Once you have installed and configured a webMathematica server so that the examples run correctly and have studied the basics of writing material for webMathematica, as described previously, you are ready to start developing your own material.
One way to start is to make your own area in the webMathematica web application. You could make a directory here (for example NewScripts) and copy one of the samples (for example Plot.jsp) from the Examples directory. You could then access this script with the URL http://localhost:8080/webMathematica/NewScripts/Plot.jsp.
This might be a good time to revisit the webMathematica index page found at http://localhost:8080/webMathematica/index.html, which provides a number of links that demonstrate features of webMathematica. When you actually want to write your own material, you may look at the Tips and Tricks described in this chapter. The chapter continues to describe other page development utilities that are part of webMathematica.
Wolfram Workbench provides tools for developing solutions and applications based on Wolfram products such as Mathematica and gridMathematica, http://www.wolfram.com/products/workbench. It also includes support for webMathematica.
Wolfram Workbench is a project-based system, and to work with webMathematica it supports a type of webMathematica project. This allows you to develop your web pages and Mathematica code, perhaps archiving it in a code repository. You can test the individual components, and then deploy them to the server to actually use them.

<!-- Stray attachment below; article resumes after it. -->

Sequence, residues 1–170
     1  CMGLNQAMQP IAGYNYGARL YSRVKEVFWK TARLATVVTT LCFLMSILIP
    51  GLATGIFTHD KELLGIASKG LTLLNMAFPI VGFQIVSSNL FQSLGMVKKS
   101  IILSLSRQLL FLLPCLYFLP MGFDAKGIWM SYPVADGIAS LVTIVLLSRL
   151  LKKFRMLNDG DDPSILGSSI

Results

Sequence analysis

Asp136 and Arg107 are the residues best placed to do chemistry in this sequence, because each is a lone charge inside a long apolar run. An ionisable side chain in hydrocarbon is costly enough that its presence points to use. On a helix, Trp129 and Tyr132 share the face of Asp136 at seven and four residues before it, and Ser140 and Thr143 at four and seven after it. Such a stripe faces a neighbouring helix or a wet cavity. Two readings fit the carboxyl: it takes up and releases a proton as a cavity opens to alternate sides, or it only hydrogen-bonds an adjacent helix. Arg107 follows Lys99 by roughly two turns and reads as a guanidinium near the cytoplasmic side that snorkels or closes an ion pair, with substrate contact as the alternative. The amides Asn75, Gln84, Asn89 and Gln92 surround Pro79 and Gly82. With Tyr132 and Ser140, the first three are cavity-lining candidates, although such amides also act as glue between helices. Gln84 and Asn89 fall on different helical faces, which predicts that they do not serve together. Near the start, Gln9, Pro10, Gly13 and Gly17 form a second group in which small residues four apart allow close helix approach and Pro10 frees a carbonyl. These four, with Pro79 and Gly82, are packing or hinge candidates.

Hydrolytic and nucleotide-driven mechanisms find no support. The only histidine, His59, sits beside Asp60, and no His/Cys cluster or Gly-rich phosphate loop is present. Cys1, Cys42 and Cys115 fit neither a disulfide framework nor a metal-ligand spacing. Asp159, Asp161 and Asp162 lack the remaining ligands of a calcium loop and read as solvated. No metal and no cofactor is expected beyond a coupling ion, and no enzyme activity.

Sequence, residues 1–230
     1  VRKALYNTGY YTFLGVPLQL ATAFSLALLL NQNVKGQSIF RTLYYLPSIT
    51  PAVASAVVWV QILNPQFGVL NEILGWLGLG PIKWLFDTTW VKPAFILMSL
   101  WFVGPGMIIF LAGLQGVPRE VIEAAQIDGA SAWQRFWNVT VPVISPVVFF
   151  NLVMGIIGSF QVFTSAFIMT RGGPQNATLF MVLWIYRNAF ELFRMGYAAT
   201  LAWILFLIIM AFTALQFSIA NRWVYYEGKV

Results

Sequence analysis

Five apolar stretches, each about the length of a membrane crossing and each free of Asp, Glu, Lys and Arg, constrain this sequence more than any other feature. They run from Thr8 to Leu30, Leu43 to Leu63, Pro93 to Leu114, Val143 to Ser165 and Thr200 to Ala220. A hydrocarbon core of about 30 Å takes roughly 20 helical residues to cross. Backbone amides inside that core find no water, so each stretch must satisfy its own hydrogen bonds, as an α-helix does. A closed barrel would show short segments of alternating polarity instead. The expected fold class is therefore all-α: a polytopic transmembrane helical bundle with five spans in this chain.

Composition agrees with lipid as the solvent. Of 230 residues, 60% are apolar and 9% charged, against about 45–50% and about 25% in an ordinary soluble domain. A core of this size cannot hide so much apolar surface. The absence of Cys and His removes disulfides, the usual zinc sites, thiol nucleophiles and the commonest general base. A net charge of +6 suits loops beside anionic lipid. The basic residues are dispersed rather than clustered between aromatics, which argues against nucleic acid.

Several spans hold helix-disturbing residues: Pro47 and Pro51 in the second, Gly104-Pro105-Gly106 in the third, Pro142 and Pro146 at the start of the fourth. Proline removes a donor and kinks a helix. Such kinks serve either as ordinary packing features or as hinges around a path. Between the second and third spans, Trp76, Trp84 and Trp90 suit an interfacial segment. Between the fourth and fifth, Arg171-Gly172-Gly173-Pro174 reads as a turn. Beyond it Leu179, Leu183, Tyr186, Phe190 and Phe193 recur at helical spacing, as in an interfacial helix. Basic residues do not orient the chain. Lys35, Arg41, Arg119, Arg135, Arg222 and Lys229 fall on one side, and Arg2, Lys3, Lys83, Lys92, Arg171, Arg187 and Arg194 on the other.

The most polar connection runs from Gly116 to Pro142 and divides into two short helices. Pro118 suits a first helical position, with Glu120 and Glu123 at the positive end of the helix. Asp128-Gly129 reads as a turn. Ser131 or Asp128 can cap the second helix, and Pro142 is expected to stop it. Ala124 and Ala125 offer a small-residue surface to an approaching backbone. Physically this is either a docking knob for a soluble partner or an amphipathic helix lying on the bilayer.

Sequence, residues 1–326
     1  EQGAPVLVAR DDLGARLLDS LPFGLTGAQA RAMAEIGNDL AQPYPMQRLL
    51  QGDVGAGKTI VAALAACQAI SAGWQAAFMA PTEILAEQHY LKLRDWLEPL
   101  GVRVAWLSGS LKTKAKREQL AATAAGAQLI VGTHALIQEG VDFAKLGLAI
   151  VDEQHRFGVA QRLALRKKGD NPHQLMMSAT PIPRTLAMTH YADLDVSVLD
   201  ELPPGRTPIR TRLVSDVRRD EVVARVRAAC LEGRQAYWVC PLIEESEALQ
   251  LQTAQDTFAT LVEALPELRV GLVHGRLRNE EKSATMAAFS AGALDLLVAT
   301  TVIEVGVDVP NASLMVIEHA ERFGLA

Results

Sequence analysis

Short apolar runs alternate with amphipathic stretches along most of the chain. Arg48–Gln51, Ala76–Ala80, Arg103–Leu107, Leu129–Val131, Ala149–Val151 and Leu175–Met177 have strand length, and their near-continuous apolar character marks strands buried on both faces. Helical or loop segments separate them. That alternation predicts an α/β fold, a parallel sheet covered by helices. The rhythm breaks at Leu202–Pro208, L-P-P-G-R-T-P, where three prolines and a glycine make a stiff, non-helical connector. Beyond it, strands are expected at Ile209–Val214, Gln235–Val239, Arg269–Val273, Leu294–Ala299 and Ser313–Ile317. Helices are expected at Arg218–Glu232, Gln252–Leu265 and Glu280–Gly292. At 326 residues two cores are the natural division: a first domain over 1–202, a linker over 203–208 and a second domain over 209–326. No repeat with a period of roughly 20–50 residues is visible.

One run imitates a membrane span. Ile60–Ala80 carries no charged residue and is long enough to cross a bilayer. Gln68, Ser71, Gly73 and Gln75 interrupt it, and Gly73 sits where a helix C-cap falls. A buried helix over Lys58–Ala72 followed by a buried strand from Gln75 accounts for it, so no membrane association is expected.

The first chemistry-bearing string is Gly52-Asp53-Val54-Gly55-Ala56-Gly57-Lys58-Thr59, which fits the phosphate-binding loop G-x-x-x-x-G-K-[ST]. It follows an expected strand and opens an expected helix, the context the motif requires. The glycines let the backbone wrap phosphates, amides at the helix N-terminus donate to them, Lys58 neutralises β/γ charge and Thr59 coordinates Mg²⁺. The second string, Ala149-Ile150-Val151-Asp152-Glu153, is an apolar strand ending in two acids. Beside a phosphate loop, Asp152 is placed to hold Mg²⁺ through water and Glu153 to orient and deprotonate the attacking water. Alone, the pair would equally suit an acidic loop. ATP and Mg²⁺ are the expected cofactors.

Wolfram Workbench provides a variety of syntax support for JSP pages. This includes showing both XML, HTML, and JSP syntax errors. Of particular value are reports on Mathematica syntax errors inside of evaluate tags.
Wolfram Workbench provides a number of tools that help writing JSP and HTML pages. These include command completion and preview features. In addition, a palette is provided that allows templates for entire page structures to be added.
Wolfram Workbench contains a tool that works with the actual server. From this you can carry out tasks such as starting or stopping the server, deploying your project, and connecting with a debug session.
Wolfram Workbench provides a debugger for Mathematica code. You can use this debugger to connect to the server and follow your code as it executes, setting breakpoints to halt in particular locations.
More information is available in the debugging section.
This section provides a summary of a few issues that will help you to get started writing your own pages. These are all described in more detail in later sections of the documentation, but are collected together here in a brief description. Getting a good grasp of these points will help you to make progress in developing your site.
Input variables come with the HTTP web request, for example from an input field in an HTML form. You can identify input variables in Mathematica code because they are labeled with a '$$' prefix. In the example below, the setting variable may be sent from an input field. In Mathematica code it is called $$setting.
<input type="text" name="setting" />
If[ MSPValueQ[ $$setting],